- a group of persons, or a single person, accompanying another or others for protection, guidance, or courtesy: An escort of sailors accompanied the queen.
- an armed guard, as a body of soldiers or ships: The president traveled with a large escort of motorcycle police.
- a man or boy who accompanies a woman or girl in public, as to a social event.
- protection, safeguard, or guidance on a journey: to travel without escort.
- to attend or accompany as an escort.
Origin of escort
Synonyms for escortSee more synonyms for on Thesaurus.com
Related Words for unescorteddeserted, unattended, only, unaccompanied, single, individual, solitary, stag, solo, friendless, unmarried, unaided, unassisted, unescorted, abandoned, apart, detached, hermit, isolate
Examples from the Web for unescorted
Historical Examples of unescorted
She knows well that Romney Lee is just the last man to let her drive on unescorted.Starlight Ranch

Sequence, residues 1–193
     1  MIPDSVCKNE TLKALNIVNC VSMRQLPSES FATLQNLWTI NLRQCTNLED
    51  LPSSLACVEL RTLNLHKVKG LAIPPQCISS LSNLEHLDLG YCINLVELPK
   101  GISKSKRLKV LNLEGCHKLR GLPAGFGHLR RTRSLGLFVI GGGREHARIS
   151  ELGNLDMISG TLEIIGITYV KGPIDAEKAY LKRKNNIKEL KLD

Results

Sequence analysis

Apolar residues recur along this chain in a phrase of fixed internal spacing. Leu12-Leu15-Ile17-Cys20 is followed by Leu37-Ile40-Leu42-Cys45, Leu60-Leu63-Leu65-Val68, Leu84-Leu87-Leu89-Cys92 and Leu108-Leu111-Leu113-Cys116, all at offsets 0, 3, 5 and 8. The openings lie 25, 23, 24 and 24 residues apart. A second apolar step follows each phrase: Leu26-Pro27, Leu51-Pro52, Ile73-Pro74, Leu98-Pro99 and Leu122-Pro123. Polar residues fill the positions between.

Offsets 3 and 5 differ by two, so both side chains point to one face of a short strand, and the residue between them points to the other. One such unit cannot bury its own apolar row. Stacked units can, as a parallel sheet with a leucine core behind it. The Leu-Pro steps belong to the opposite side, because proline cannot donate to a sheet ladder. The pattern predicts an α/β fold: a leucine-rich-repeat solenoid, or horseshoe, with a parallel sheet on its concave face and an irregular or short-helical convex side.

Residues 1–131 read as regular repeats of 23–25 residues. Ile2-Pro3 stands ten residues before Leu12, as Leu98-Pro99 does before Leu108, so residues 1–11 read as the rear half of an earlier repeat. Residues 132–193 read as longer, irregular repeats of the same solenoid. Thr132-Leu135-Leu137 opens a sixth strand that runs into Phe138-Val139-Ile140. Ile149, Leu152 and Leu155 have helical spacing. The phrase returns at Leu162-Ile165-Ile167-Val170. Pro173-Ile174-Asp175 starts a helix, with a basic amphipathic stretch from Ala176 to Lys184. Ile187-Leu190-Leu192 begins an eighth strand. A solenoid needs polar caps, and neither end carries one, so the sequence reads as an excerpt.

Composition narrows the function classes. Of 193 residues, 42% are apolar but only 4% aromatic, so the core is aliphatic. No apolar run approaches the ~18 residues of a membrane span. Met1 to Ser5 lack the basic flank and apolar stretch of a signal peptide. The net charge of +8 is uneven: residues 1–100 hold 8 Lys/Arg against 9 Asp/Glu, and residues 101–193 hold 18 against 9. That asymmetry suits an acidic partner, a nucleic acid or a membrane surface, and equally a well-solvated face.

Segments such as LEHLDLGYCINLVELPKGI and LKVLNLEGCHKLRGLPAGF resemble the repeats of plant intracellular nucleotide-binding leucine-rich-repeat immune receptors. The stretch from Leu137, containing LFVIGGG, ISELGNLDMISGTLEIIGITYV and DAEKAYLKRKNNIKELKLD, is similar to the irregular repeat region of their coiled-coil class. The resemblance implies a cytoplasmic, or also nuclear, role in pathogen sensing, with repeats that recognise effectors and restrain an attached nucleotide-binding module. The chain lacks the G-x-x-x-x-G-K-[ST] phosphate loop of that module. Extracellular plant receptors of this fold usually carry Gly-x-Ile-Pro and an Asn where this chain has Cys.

As though she were unescorted, she passed before him down the steps.The Kingdom Round the Corner
Kee had said she was high-handed, and might she not elect to go about unescorted at any hour?The Deep Lake Mystery
Lottie X 850 was again in this saloon with other unescorted women.Commercialized Prostitution in New York City
George Jackson Kneeland
He did not, and I shifted my gaze to find Miss Plinlimmon coming towards me unescorted.The Adventures of Harry Revel
Sir Arthur Thomas Quiller-Couch
- not accompanied by an escort
- one or more persons, soldiers, vehicles, etc, accompanying another or others for protection, guidance, restraint, or as a mark of honour
- a man or youth who accompanies a woman or girlhe was her escort for the evening
- a person, esp a young woman, who may be hired to accompany another for entertainment, etc
- (as modifier)an escort agency
- (tr) to accompany or attend as an escort
Word Origin for escort
1570s, in military sense, from Middle French escorte (16c.), from Italian scorta, literally "a guiding," from scorgere "to guide," from Vulgar Latin *excorrigere, from ex- "out" (see ex-) + corrigere "set right" (see correct). The sense of "person accompanying another to a social occasion" is 1936.
1708, from escort (n.); social sense is from 1890. Related: Escorted; escorting.